The most important finding of the current research was that the application of skin traction assists decreasing the pain severity (prior to the surgery in the patients with intertrochanteric fracture), but the application of skin traction has no effect on the needs for analgesics such as intravenous morphine.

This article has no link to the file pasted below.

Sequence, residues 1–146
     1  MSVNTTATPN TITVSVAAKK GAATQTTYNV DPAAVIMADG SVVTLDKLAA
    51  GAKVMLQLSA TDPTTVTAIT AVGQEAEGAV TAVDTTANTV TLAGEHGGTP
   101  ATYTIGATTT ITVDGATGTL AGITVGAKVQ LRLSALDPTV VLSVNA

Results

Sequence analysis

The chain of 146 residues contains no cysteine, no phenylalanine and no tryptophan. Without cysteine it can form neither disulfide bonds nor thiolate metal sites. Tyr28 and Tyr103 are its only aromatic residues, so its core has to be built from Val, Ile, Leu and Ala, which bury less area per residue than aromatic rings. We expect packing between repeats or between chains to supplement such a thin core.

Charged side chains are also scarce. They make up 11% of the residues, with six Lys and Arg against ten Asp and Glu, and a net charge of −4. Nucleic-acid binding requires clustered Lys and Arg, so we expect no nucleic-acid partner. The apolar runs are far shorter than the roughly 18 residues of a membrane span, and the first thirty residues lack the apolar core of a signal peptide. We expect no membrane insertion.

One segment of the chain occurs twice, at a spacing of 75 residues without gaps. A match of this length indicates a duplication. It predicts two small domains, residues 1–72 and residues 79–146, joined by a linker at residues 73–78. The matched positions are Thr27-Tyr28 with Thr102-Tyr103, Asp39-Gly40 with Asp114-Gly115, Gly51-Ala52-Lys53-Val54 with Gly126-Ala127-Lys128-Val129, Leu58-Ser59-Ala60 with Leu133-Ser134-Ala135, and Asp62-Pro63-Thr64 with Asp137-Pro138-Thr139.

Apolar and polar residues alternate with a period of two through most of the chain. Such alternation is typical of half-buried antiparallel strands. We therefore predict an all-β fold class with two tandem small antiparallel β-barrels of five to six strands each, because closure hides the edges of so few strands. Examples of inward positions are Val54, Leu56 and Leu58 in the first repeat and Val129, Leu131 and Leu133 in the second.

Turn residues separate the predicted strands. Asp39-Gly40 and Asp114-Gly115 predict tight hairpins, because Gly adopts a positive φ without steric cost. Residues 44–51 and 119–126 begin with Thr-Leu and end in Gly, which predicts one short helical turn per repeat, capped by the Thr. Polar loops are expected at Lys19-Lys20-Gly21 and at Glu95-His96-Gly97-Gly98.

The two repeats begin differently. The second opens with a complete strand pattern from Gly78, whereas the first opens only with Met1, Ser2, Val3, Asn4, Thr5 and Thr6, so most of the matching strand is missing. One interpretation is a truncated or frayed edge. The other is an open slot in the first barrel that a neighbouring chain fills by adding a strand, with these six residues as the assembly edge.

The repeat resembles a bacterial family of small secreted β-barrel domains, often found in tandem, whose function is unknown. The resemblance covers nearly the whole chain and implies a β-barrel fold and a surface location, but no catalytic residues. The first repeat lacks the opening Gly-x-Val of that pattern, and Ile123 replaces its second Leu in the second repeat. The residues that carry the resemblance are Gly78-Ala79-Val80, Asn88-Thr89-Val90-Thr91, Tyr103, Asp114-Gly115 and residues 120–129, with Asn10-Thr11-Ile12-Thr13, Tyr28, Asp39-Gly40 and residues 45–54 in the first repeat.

Hip fractures in young patients require urgent surgical intervention. However, complex medical situations related to high-energy trauma in most of these subjects may cause a delay in the time to appropriate intervention. Therefore, pain control is of critical importance in preoperative patients (14, 15). Skin traction is one of the treatment enterprises, which are applied to the patients with intertrochanteric fracture in numerous hospitals. Despite the frequent usage of this method and different studies regarding the effect of skin (or skeleton) traction on the pain of these patients, there is still disagreement with this type of traction. In addition, there has been no adequate proof for its effectiveness or ineffectiveness. Accordingly, we decided to indirectly (by the means of both groups owning the same characteristics) investigate the effect of skin traction on the pain of the patients with intertrochanteric fracture. In 2002, Yip et al. (23) investigated the effect of skin traction on 311 patients with proximal femur fracture in an indirect and predictive study. They witnessed that skin traction decreased pain, but the amount of needs of analgesic in both groups (without equal traction) was similar. They concluded that there could be no derivation from skin traction activities; then, its routine application should be stopped (23). Moreover, Estrada-Masllorens et al. (25) compared the pain of the patients with intertrochanteric fracture with and without skin traction. In their study, the pain of the patients (until 48 hours after admission to the hospital) was measured and then the researchers realized that skin traction has no effect on decreasing the patients pain (25). Both studies, which have been published in 2001 and 2011, indicated that the traction (both skin and skeleton) before the surgery has no effect on the pain of patients with hip fracture. Not only these researchers noted that the existed proofs are not sufficient to reject the application of traction, but also they support more precise study in this case (26, 27). Saygi et al. investigated the effect of skin traction on pain and the usage of analgesics on the patients with intertrochanteric fracture. They concluded the similar results (24). In another study, skin traction kit without weight was applied (placebo group) in addition to traction and pillow methods. Better pain control was achieved in the placebo group than in the other two groups. This significant difference was due to two factors. First, the skin traction kit without weight allowed semiflexion and external rotation and thus, reduced pain due to the lack of traction. Second, the skin traction kit without weight is believed to have created a placebo effect as it revealed more successful results in providing statistically significant reduction in pain compared to the group in which only pillow application was used. On the other hand, as indicated by previous studies, skin traction with weight is not a benign treatment (21-23). As above and in many studies in this field, the ineffectiveness of skin traction has been shown. In contrast, in our research, the application of skin traction resulted in a noticeable decrease of pain intensity 24 hours after admission compared to the group without skin traction. In the current study, both groups had shown decrease in pain intensity after a while, but the patients applying skin traction showed more comfort compared with the ones without traction. Consequently, Skin traction plays an important role on the patients’ relief and relaxation.